Dr Kabamba's income fluctuates with his country's fortunes. His $250-a-month salary is a fivefold increase from last year, and the fact that it is paid only two months in arrears is an improvement too. The cause of his good fortune is that Congo was given a huge debt write-off when the civil war ended in 2003, so there is more money around. What do Dr Kabamba's wages buy? He has a four-bedroom house with a kitchen and living room, which would be ample if there weren't 12 people under his roof. His home would be deemed unacceptably overcrowded in America. Even among the 37m Americans officially classed as poor, only 6% live in homes with more occupants than rooms.

Having seen how doctors live elsewhere, Dr Kabamba would quite like running water and a regular power supply. His family fetches water in jars and the electricity comes on maybe twice a week. Air-conditioning would be nice, but “that's only for VIPs,” says Dr Kabamba. In America, three-quarters of poor households have air-conditioning.

It concludes:

The point of this article is neither to mock Mr Banks nor to praise Dr Kabamba. Both have their virtues and flaws, and your correspondent cannot reliably judge which is the happier. But here are two concluding observations. First, if poor Americans were to compare their standard of living with what is normal elsewhere in the world, let alone in Congo, they would see they have little cause for discontent. Then again, were Americans not so incurably discontented with their lot, their great country would not be half as dynamic as it is.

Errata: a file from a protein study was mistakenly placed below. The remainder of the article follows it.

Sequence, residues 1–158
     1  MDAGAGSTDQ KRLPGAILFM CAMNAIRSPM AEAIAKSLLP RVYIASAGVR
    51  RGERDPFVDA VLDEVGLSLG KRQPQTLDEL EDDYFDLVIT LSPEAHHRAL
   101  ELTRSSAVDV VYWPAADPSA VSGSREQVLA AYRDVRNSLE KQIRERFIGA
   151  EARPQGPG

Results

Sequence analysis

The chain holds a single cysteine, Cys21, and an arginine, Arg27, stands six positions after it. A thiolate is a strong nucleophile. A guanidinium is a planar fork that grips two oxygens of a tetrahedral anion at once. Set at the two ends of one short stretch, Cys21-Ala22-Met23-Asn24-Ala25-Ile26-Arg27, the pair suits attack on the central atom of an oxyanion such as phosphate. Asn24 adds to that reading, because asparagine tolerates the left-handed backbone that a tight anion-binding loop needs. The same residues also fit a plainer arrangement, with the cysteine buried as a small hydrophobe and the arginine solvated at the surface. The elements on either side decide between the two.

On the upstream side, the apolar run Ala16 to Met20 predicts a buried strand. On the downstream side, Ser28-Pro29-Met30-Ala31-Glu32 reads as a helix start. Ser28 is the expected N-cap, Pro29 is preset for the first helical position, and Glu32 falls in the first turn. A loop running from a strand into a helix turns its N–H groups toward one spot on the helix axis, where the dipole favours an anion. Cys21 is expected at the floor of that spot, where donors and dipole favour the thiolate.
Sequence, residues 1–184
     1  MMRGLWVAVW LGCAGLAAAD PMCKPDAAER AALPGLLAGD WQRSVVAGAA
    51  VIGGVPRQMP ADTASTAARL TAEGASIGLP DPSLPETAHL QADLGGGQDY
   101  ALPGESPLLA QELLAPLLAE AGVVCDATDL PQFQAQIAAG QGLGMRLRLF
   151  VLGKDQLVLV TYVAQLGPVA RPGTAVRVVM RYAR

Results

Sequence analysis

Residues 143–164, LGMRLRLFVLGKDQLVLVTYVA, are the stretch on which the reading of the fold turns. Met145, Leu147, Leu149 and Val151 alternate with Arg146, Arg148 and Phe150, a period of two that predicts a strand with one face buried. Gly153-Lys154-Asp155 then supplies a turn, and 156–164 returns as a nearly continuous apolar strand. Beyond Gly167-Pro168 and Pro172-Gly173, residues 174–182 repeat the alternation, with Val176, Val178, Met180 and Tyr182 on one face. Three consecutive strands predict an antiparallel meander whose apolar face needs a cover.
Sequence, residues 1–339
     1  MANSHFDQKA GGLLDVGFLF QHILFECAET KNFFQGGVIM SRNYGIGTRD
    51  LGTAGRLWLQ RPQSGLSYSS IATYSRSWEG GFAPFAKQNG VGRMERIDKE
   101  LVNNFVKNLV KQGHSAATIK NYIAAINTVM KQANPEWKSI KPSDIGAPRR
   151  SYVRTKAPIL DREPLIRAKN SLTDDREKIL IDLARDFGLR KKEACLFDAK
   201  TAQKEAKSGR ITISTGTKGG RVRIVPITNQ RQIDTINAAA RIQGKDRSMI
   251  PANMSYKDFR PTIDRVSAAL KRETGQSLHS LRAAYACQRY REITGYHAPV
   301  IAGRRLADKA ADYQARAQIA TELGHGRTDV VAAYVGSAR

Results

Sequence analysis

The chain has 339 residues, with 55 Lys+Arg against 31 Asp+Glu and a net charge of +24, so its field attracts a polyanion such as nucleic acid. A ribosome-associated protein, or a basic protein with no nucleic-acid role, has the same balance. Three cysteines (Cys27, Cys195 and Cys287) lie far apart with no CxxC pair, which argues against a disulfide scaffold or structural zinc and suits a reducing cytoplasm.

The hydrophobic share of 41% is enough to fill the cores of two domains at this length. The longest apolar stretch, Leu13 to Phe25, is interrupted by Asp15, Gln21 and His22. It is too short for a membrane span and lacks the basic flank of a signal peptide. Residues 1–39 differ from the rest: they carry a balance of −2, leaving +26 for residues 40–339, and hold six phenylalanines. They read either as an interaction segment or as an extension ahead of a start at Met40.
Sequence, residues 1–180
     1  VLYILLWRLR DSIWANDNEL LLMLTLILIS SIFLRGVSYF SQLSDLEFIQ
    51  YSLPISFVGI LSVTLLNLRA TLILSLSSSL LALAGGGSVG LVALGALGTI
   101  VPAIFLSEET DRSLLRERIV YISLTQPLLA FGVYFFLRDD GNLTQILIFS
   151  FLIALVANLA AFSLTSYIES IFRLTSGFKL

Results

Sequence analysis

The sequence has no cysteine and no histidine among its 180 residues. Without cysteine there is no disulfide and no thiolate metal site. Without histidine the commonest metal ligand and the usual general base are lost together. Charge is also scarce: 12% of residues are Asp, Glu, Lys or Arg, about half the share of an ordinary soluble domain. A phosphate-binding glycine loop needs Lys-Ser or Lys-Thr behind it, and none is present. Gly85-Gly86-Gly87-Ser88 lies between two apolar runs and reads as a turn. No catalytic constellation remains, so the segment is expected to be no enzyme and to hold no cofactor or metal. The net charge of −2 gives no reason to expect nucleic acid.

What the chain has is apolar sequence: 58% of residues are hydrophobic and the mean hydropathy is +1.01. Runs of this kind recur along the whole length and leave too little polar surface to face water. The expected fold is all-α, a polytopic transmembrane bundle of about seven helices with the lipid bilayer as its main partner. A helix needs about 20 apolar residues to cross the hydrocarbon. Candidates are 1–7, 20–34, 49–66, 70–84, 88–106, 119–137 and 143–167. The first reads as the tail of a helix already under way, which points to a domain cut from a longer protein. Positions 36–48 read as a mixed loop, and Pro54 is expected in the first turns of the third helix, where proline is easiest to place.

The poor

The mountain man and the surgeon

From The Economist print edition


Reflections on relative poverty in North America and Africa

ENOS BANKS tells a cracking yarn about ketchup. One day, he spilled a splurge of it on his shirt. For fun, he persuaded his brother in law to shout angrily and shoot through the window. When their two wives came rushing in, they saw Mr Banks lying there covered in what looked like blood. “My wife passed out,” chuckles Mr Banks, “and my brother-in-law's wife shook him till his [false] teeth rattled.”

Mr Banks lives in a trailer in eastern Kentucky, amid the majestically forested Appalachian mountains. He is in his early 60s and has no job—he used to work as a driver for a coal-mining firm, but left after a heart attack 25 years ago. He wears a cowboy hat and talks with an accent that outsiders find nearly impenetrable. He is clever with his hands. When the price of petrol soared this year, he grafted a chainsaw engine onto a bicycle to make a moped.

He is a loud, jovial man, but suspicious of the young folk who live nearby. There is a drug problem in the mountains, and Mr Banks was recently burgled for the painkillers he takes for a bad back, hip and ankle. But he is ready for any mugger. He walks with a walking-stick-cum-rifle, with a plastic cap on the end of the barrel to keep out the dirt. If someone attacks him, he is ready to “shoot them plumb between the eyes.” And if he runs out of bullets, he has a big knife strapped to the contraption with duct tape.